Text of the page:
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If You Haven't Noticed, The Label on All Your Food Is Changing

Sheena Chihak

New health claims, symbols, and seals of approval pop up on food packaging every time we go grocery shopping. But if you’re one of the 59% of shoppers who almost always reads a label before buying new food, you’ve seen very little change in the nutrition facts label. That number-filled panel on the back of the package hadn’t changed since 2003—when trans fat was added. The current updates that started in 2016 and are still underway, are much more obvious.

Beginning January 1, 2020 large food manufacturers must be in compliance with the FDA’s new nutrition facts label design (smaller manufacturers have an additional year). If you’re a label reader, you’ve noticed many labels already adopted the new design. Here’s how they compare.

Courtesy of The U.S. Food and Drug Administration

New to the Nutrition Facts Label

These are the new aspects of the updated nutrition facts label and some explanation on what they mean.

Font

The most visible change is the increased size and bold font used to call out calories per serving and serving sizes.

Why you should care: Because that full-size bag of chips is a whole lot more than one serving. All the information below this point is based on the serving size. If you eat one cup of a food with a ¼-cup serving size, everything on the label needs to be multiplied by four.

Fiber

This actually looks the same, and it mostly is. But the FDA defined “dietary fiber” for nutrition facts to account added fiber. According to Claudine Kavanaugh, Director of the Office of Nutrition and Food Labeling in FDA’s Center for Food Safety and Applied Nutrition, without a definition, fiber could be added to foods and counted as dietary fiber on the label without necessarily providing beneficial health effects.

Why you should care: Manufacturers must prove an advantage to human health for adding fiber.

Added Sugar

This is the one you’ve been waiting for! Sugars are now broken into two—total and added. Total sugar is the combination of naturally occurring and added sugars. Added sugars include ingredients like syrups, high-fructose corn syrup, brown sugar, maltose, honey, lactose, and concentrated fruit juice added during processing. One caveat: Single-ingredient sugars like honey, maple syrup, and agave will only list total sugars because their sugars are naturally present.

Why you should care: When it comes to sugars, added sugars are the most worrisome because they’re primarily found in unhealthy, highly-processed items. They offer no nutrients, but add calories. Look at a soda label to see what we mean. Of the total sugars in that container, all of them are added. Compare that to whole milk with about 12 g total sugars, but 0 g added sugars. It’s clear which is healthier.

Micronutrients

This section looks the same, but the nutrients listed are different. Vitamins A and C are no longer mandatory, but vitamin D, potassium, calcium, and iron are. Actual amounts in milligrams, micrograms, and other units of measure are listed now, too, not just percentages.

Why the change? “In the early 1990s, American diets lacked vitamins A and C, but now vitamins A and C deficiencies in the general population are rare,” Kavanaugh says. “Vitamin D is a nutrient Americans don’t always get enough of from their diet, according to nationwide food consumption surveys.”

Why you should care: Each of these nutrients plays important roles in your body. Bone health, brain health, immunity, and blood pressure regulation to name a few. You don’t want to be deficient in any of these important vitamins and minerals.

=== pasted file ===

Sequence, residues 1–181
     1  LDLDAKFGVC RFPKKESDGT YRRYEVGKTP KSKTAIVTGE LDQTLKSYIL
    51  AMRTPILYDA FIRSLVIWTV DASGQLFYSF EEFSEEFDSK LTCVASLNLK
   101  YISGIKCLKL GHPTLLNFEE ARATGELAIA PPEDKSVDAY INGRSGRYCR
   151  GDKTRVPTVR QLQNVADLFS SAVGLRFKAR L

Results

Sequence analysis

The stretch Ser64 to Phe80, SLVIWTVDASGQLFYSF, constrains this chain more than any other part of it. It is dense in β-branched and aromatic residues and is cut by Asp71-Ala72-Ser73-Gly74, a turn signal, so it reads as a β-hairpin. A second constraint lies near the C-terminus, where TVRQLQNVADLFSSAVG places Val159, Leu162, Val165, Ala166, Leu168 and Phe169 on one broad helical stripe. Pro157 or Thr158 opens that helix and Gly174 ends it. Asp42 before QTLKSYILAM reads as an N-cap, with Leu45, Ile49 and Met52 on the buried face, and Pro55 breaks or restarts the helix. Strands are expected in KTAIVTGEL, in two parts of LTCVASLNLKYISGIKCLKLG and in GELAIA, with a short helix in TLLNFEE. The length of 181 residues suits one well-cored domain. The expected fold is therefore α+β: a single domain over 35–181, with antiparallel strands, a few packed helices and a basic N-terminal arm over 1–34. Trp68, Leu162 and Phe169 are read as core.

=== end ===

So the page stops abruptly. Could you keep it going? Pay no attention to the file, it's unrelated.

Daily Values

These percentages (based on a 2,000-calorie diet) tell how much of your daily goal of each nutrient is in one serving of the food. Several vitamins and minerals got updated numbers based on current science. For example, total fat increased from 65 g to 78 g, dietary fiber increased from 25 g to 28 g, and sodium decreased from 2,400 mg to 2,300 mg.

Why you should care: Changes to daily values may make %Daily Value on foods you commonly eat look different than you’re used, but that doesn’t mean anything about the food itself changed. Use these values to determine if a food is high or low in a nutrient.

Serving Sizes

Not apparent just by looking is that serving sizes for about 30 commonly consumed foods such as ice cream, yogurt, and carbonated drinks changed. Serving sizes are based on how much people are actually eating not how much they “should” be eating. “FDA determines the reference amounts customarily consumed based primarily on national food consumption survey data,” Kavanaugh says.

Why you should care: Foods you buy often could have all new numbers on the nutrition label because the serving size changed. That doesn’t mean the nutrients provided changed a bit. For example, that vanilla ice cream always in your freezer may list more grams of fat, carb, sugar, and all the other nutrients, but only because the serving size changed from ½ cup to ⅔ cup to be more in line with what we were already eating anyway. The ice cream didn’t change.

Courtesy of The U.S. Food and Drug Administration

Dual-Column Labels

Food packages small enough that they could be eaten all at once even though they contain multiple servings (a pint of ice cream or candy bar, for example) will have dual-column labels. One column has the values of one serving and the other column is what’s in the full package.

Why you should care: You don’t have to do the math!

A lot has changed about the way Americans eat since nutrition facts labels were put on our foods in 1993. We care more about sugar, trans fat, protein, and more individual nutrients as we try out different eating plans like the Mediterranean Diet and the Keto plan. This label update will help you make choices that best fit the way you eat.